Warner Bros. - 1932 to 1933

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momsne

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Warner Bros. - 1932 to 1933

PostFri Mar 10, 2017 9:51 pm

First, some background facts. If any details are wrong, feel free to correct them. I just watched again "Private Detective 62", a Warner Bros. crime picture starring William Powell and Margaret Lindsay. The credits identified Rian James as the screenplay writer. James' career at Warner Bros. is pretty typical for many of the writers there, he wrote a novel ("Love Is A Racket",1932) that the studio made into a movie. Then Warner hired James as a writer. To me, it seems that James and a lot of the talent that studio production chief Darryl Zanuck hired were on borrowed time after Zanuck left the lot around July 1933 in a dispute over the Warner brothers imposing a 50% salary cut on non-contract craft employees.

It is my opinion that, on a consistent basis, the movies Zanuck supervised production of in those two years were among the best made and most entertaining movies ever made by any Hollywood studio. Yet, when Zanuck left the studio, the quality of its movies changed for the worst starting with productions he did not supervise. I've read that Warner Bros. had a hiatus in production from October 1933 to December 1933. The studio had lost millions of dollars a year during the Depression years of 1931 to 1934, but Warner Bros. never went into receivership like Paramount or RKO. Still, Warners was a pinch penny studio that frowned on retakes and rewrites and strove to make movies on a three week (with 6 day work weeks) schedule.
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In a description of the movie "The Narrow Corner" that William Everson was showing at the New School in Manhattan on April 7, 1967, Everson describes this 1933 movie as "one of the most faithful and effective of all Maugham adaptations." He also has this closing comment:
POST SCRIPT ON A LOST ART:
Compare the rather shaky and unconvincing matte-work in the channel sequence of OUTCAST OF THE ISLANDS with the beautifully staged and cut miniature work in the channel sequence of THE NARROW CORNER, with its greater camera mobility, variety of angle, and skilled knowledge of just when to cut away from a miniature before the game is given away!
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Douglas Fairbanks Jr.'s last two films at Warner Bros. under his studio contract were "The Narrow Corner" and "The Life Of Jimmy Dolan", both filmed on schedule and on budget. Then, his contract up, Jack Warner told him his services were no longer wanted, leave the lot. 84 years later, both these movies stand the test of time, cynical, well-acted and well-written movies. Both Dudley Digges' performance as "Doc" Saunders and Arthur Hohl's as "Captain Nichols" are them at their peak.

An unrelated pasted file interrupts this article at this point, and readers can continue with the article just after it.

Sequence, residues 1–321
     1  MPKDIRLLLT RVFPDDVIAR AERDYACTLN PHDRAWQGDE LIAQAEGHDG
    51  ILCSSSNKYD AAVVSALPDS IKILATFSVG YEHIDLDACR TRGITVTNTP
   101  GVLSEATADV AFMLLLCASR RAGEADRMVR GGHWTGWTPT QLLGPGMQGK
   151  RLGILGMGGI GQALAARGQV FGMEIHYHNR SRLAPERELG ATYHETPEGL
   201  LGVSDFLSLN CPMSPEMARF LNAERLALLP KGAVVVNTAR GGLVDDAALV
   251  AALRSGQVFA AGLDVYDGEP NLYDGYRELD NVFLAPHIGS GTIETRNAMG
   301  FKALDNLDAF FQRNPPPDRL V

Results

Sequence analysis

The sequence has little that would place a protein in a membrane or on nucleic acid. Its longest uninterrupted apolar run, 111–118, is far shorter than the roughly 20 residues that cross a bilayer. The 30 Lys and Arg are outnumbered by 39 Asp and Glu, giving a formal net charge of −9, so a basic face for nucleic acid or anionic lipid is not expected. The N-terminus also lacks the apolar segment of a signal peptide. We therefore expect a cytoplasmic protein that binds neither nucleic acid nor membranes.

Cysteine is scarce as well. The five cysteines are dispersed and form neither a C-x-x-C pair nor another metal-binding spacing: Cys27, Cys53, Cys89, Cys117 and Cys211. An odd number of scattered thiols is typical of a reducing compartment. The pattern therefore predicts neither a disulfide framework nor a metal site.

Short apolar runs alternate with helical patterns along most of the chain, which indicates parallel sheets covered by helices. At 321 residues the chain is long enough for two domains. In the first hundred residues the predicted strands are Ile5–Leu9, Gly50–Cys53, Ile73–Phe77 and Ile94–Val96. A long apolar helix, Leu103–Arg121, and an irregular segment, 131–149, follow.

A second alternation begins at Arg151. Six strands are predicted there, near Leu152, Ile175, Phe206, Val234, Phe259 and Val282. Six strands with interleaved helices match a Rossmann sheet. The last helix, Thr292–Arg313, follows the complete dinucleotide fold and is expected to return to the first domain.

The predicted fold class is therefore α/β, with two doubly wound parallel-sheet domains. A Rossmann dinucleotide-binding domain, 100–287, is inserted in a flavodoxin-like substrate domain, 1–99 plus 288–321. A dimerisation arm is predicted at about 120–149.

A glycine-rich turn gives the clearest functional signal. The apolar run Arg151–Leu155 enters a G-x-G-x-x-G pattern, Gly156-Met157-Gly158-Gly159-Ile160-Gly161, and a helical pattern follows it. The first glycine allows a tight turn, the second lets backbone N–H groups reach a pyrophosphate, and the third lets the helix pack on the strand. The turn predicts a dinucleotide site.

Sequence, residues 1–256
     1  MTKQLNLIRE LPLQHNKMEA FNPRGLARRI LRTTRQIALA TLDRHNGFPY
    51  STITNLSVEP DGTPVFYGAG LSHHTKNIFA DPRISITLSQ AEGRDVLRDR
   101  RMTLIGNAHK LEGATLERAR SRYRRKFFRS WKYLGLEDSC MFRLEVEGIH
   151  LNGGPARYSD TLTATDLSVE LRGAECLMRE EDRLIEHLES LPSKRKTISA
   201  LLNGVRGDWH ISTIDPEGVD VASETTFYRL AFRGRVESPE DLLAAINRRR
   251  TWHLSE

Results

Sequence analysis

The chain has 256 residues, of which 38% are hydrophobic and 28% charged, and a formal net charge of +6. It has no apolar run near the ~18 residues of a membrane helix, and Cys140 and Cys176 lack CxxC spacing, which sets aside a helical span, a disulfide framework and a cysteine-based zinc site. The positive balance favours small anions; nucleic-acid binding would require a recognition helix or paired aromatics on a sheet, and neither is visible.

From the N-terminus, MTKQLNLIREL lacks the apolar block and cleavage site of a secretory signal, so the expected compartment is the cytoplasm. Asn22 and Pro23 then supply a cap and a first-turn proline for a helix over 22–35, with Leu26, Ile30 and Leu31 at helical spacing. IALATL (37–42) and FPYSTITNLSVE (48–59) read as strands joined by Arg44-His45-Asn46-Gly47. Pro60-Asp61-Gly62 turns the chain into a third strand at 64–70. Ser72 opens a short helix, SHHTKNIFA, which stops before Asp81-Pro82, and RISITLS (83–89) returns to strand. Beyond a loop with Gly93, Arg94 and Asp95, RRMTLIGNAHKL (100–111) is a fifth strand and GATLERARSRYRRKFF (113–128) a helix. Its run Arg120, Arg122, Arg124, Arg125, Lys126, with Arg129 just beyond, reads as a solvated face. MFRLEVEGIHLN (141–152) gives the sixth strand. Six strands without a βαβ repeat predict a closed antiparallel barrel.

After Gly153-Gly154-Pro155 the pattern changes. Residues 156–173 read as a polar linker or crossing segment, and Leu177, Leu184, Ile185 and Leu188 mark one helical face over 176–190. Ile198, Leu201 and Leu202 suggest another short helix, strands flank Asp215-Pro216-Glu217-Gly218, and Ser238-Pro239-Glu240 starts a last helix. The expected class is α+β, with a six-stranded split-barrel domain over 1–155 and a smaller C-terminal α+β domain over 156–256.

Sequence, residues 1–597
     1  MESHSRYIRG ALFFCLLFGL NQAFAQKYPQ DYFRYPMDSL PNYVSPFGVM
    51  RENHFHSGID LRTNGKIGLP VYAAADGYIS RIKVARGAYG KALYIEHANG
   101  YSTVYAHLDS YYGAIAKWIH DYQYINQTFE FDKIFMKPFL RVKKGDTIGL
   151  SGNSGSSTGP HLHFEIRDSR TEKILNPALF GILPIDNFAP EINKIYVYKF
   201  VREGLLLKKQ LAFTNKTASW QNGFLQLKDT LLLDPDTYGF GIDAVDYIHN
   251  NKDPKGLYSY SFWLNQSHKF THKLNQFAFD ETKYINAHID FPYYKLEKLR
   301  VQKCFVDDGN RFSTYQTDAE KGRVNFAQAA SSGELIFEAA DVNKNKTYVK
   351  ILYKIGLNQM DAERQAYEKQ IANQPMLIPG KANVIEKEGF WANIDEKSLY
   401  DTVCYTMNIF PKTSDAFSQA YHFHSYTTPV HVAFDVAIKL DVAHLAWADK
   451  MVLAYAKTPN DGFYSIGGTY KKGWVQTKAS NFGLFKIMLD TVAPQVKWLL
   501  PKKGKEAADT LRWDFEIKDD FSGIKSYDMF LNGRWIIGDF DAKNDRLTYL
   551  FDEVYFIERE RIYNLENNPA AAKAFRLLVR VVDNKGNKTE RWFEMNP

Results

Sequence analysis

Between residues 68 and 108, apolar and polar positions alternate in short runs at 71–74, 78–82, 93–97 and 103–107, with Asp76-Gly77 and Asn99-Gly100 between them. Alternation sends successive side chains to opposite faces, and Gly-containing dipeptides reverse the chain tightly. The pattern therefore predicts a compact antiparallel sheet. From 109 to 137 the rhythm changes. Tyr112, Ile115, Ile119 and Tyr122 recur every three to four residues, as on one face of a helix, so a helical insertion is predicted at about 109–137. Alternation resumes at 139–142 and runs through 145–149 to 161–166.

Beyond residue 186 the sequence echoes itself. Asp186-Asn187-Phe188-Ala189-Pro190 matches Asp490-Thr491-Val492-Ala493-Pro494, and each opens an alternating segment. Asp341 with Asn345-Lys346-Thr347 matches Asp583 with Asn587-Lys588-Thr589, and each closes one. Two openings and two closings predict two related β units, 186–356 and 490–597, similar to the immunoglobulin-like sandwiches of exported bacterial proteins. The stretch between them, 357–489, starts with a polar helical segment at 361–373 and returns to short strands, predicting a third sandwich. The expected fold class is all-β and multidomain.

So, my question is, does anyone know what happened at Warner Bros. for Jack Warner and company to effectively dismantle and demolish the studio, getting rid of most of the stars they had under contract. Some talent left on its own, William Powell said he wanted to work on an on-picture basis, $60,000 a movie. Then he went to MGM and stayed there for over 15 years. William Wellman said he would never work as a contract movie director again and he never did. But the studio did not renew the contracts of stars like Warren William, Richard Barthelmess and Ruth Chatterton. And please, no useless comments about how other studios did not hire Ruth Chatterton or Richard Barthelmess as contract employees for lead roles, Captain Obvious facts. In the 30s, above the title stars had their fans but with the Depression around, other studio executives were tossing around nickels as if they were manhole covers.

The question I have is why did Warner Bros. get rid of so much talent in front of and behind the camera? My opinion is that new studio production chief Jack Warner was behind the purges. Both because he was cheap and because talent like director Roy Del Ruth and actress Loretta Young could leave to avoid working for him, they left. In short order, helped by the censorious new Production Code, by 1935 Warner Bros. was turning out mostly crap movies. Film director Gottfried Reinhardt claimed that Jack Warner was mean for the sake of meanness. So maybe the explanation why Jack Warner got rid of all the talent that Darryl Zanuck had collected, including the Warner repertory company of actors, was meanness, spite work.

Well, it was a long time ago.
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Re: Warner Bros. - 1932 to 1933

PostWed Mar 15, 2017 9:09 am